The Craft Beer Co. vs M&S: Was the t-shirt copyright row just a storm in a pint glass?

BrandsNews

In the latest copyright row to make the headlines, Marks and Spencer has removed one of its t-shirts from sale after London pub chain The Craft Beer Co. accused it of “ripping off” its trademark name.

But there are doubts that the retailer – which has removed the t-shirt from sale almost immediately so it can “investigate further” – had done anything wrong in the first place. After all, there’s no such thing as an original idea – or so the saying goes.

So did the retailer act too soon and what was The Craft Beer Co. really hoping to achieve?

Beer vs t-shirt: what’s the story?

Owners of the Clerkenwell-based pub business were first alerted to the M&S product when a customer mentioned it to a member of bar staff earlier in the week.

It featured the chain’s name as part of a graphic on the front and back of the £16 t-shirt and was described online as having “the St Michael Brewery-themed graphics on the back and chest” which “add a distinctive theme”.

Friends and business partners Martin Hayes and Peter Slezak immediately tweeted M&S, asking: “What’s the idea with these T-shirts!?

“Can we expect a royalties cheque in the post. Surely one iconic British institution shouldn’t be ripping off another….!!”

M&S responded to the tweet, offering to get the beers in and saying it “didn’t mean to cause any ‘bitter-ness’”.

More officially, a M&S spokesman said “We take intellectual property very seriously and, while the t-shirt was designed in good faith, we’ve taken the decision to remove the product from sale so we can investigate further.”

“I’m not angry about it, but it is a little annoying,” Hayes told the BBC, confirming that The Craft Beer Co is not planning to sue.

“I’ve got a lot of respect for M&S. It’s an iconic British business and I think somebody’s just made a bit of a boo boo really, but I’m sure it will be sorted out.”

Was M&S playing it too safe?

It’s unusual for a retailer to react so quickly to accusations of copyright theft, but should M&S have bowed to pressure so quickly?

It’s likely that the retailer is erring on the side of caution following previous well-documented legal battles with supermarket rival Aldi when it argued that Cuthbert the Caterpillar cake infringed the M&S Colin the Caterpillar trademark.

The two companies eventually reached a settlement last year, but it was a time-consuming and costly process, which attracted a significant amount of consumer attention. As the litigious party, M&S were left looking like the bad guy – and fighting a small independent company such as The Craft Beer Co. over one t-shirt could have a similar reputational effect, regardless of the legal status of the claim.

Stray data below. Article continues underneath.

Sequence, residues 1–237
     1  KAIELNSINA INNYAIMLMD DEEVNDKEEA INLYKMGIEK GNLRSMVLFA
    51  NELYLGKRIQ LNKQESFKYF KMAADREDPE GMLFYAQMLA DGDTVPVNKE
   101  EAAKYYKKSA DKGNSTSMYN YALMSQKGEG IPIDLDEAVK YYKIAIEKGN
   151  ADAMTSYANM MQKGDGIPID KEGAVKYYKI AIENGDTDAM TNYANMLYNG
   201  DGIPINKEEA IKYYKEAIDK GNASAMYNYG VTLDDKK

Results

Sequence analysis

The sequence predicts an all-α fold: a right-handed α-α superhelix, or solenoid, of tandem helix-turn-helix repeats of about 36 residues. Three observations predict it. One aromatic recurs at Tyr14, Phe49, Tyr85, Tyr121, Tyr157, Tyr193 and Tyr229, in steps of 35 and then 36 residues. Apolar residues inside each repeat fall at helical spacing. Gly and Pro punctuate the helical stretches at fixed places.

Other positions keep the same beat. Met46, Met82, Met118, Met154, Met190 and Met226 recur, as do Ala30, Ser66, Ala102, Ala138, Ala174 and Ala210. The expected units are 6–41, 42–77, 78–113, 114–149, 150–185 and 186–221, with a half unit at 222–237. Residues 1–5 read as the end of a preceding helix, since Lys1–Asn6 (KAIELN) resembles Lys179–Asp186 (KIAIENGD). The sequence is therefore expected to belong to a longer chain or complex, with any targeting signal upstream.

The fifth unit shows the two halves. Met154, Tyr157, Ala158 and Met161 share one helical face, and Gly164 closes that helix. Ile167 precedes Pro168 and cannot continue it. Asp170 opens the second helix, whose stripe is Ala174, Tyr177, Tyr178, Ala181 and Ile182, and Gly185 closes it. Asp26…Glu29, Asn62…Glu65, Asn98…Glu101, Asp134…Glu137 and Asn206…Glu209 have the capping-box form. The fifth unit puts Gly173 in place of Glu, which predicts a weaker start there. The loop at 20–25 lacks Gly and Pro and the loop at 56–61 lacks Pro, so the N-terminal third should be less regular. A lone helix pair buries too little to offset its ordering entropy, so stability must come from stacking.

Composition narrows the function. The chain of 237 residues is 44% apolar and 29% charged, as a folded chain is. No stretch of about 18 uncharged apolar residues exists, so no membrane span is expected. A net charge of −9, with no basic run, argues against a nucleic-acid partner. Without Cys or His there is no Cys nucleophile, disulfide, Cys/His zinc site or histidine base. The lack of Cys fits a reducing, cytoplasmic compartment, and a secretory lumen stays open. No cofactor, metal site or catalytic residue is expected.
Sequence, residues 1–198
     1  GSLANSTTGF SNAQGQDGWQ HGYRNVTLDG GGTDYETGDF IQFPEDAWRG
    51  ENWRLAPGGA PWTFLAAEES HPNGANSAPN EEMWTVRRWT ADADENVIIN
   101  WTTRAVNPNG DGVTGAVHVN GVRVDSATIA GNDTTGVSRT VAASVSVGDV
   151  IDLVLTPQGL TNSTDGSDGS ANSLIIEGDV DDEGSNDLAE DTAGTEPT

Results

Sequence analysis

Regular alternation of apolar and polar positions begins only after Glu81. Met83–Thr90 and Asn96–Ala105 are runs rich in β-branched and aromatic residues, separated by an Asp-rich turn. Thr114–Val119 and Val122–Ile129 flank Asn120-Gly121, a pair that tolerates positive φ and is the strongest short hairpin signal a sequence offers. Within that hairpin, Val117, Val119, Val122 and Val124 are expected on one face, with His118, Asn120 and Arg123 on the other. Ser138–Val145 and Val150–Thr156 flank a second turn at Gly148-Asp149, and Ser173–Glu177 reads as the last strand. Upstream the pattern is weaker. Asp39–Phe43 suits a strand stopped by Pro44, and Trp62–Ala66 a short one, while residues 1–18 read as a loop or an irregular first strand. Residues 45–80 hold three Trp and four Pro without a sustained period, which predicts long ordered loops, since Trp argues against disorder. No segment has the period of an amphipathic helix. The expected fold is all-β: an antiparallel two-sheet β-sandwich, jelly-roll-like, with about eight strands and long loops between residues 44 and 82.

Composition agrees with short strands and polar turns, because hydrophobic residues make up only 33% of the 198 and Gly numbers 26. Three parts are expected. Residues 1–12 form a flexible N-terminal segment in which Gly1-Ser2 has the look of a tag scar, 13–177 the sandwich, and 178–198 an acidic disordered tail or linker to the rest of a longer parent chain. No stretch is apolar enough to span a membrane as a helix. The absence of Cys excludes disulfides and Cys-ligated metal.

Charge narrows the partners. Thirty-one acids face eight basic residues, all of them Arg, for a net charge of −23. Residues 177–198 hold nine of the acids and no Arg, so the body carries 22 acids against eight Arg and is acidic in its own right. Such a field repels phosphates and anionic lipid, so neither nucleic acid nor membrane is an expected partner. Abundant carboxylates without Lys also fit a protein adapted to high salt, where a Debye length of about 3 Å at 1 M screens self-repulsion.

According to IMD Corporate partner Olexandr Kyrychenko, the name ‘Craft Beer Co.’ has not actually been registered as a trademark with the UK Intellectual Property Office (IPO), which means a court would look at the imagery and design of the logos themselves.

The Craft Beer Co. logo is "quite different" to M&S' t-shirt design
The Craft Beer Co. logo is “quite different” to M&S’ t-shirt design

“Quite simply, while both [logos] contain the words Craft Beer Co the two are quite different and it would be difficult to argue that the two could be confused with one another,” he said.

“In addition, unless the company also sells t-shirts, a claim of infringement of any registered IPR is likely to be an uphill battle.”

Kyrychenko said that while The Craft Beer Co. could consider an action for ‘passing off, it would need to establish that it’s name was recognisable enough to carry ‘goodwill’ with consumers, that M&S using it would be ‘likely to cause confusion’ and that damage had been caused to the business itself (either reputationally or financially).

With regards to the third point, he added that it was “quite improbable that the company will be able to establish that it has suffered damages, notwithstanding the rather archaic reference to ‘proper blokes’ on the t-shirt”.

“Mr Hayes’ reluctance to take legal action may well be wise as the publicity, if anything, is likely to increase footfall.”

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